• Minority Leader (Mr. Osei Kyei- Mensah-Bonsu) 12:55 p.m.
    Thank you, Madam Speaker, for the opportunity to add my voice to welcome President Obama to our dear country and to wish him a very fruitful and memorable visit.
    Madam Speaker, the Statement by the Hon Minister for Foreign Affairs and Regional Integration is most appropriate.
    Madam Speaker, in the world of developing countries, State visits are usually for a very few hours and yet the Presidents of the United States of America who have successively visited Ghana, Presidents Clinton and Bush have stayed for many hours.

    Indeed, President Bush is on record to

    have spent two days in Ghana. President Obama is also scheduled to spend two days in Ghana. This explains why we should be proud as a nation, for very few African countries have that opportunity.

    One may also add that over the past eight years, several world leaders have visited Ghana. It is worth noting that, the Queen of United Kingdom and the Head of the Commonwealth, Queen Elizabeth and the Prime Minister Tony Blair also visited. But what should we be expecting as a nation from such a high profile visit? At the governmental level, we all do know that we need empowerment in a very stable environment.

    We, as a nation expect some empower- ment particularly, financial in order for us to lift the broad masses of our people from the quagmire of poverty, deprivation, disease, illiteracy, squalor and all the

    negatives of life.

    The American society is a private sector led one and one may ask what the stake is for private entrepreneurs in his visit.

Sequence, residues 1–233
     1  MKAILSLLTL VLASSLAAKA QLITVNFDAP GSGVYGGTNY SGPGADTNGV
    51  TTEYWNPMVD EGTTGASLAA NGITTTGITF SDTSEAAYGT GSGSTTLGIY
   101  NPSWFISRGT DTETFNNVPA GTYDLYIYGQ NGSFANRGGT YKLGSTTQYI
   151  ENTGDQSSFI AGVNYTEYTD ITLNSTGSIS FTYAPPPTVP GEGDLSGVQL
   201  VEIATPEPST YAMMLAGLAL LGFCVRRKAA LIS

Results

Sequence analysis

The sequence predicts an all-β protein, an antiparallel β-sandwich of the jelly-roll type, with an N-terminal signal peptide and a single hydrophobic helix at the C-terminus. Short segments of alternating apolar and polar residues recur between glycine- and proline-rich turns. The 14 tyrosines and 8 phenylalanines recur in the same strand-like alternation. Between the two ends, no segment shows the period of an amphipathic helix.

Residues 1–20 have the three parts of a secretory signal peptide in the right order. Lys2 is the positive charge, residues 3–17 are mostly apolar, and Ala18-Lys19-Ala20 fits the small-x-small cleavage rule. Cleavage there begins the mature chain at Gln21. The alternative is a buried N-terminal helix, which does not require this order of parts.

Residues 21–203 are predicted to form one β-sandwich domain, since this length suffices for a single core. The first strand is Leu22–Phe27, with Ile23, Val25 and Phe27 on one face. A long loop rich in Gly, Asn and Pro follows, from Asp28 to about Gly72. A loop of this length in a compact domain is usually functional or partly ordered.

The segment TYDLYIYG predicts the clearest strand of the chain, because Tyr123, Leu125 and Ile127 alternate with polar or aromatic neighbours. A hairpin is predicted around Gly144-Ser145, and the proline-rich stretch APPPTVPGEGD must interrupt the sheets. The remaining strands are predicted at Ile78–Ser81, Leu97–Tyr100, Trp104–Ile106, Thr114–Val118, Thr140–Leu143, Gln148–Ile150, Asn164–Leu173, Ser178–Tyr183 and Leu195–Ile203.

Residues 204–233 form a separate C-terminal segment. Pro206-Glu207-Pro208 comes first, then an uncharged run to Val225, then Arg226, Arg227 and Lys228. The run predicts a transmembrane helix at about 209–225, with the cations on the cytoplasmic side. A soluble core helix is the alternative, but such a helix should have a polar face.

One hopes that the requisite platform would be created to have the private sector engaged or interfaced with President Obama and his entourage. We would like to believe that the requisite doors and windows will be created to facilitate follow-ups which will boost and deepen bilateral co-operation between the two countries.

    Madam Speaker, Ghana and the United States of America established diplomatic relations in 1957 following Ghana's independence from British colonial rule. Since then, relations between the two countries have been cordial and friendly with the exception of brief periods in the 1970s and 1980s. It is pertinent to point out that when President Bush came, he touted the concept of transformational diplomacy, as the methods in his African policy.

    In specific and concrete terms, the four main priorities form the focus of his policy. These were: one - to support and promote democratic governance and political freedom across the continent.

    The second area was to expand growth and opportunity particularly through trade and private enterprise.

    Thirdly he emphasized to help fight diseases on the continent especially HIV/AIDS, Malaria and Tuberculosis and finally, President Bush said he was purposed to end all wars in Africa.

    Madam Speaker, we want to know from

    President Obama when he comes visiting the policy direction of his administration. As a nation, we as a collective, are standing by to accord him the proverbial
    Madam Speaker 12:55 p.m.
    Thank you, Hon
    Member. May I call on the Hon Majority Leader for his comments.
    Majority Leader (Mr. A. S. K.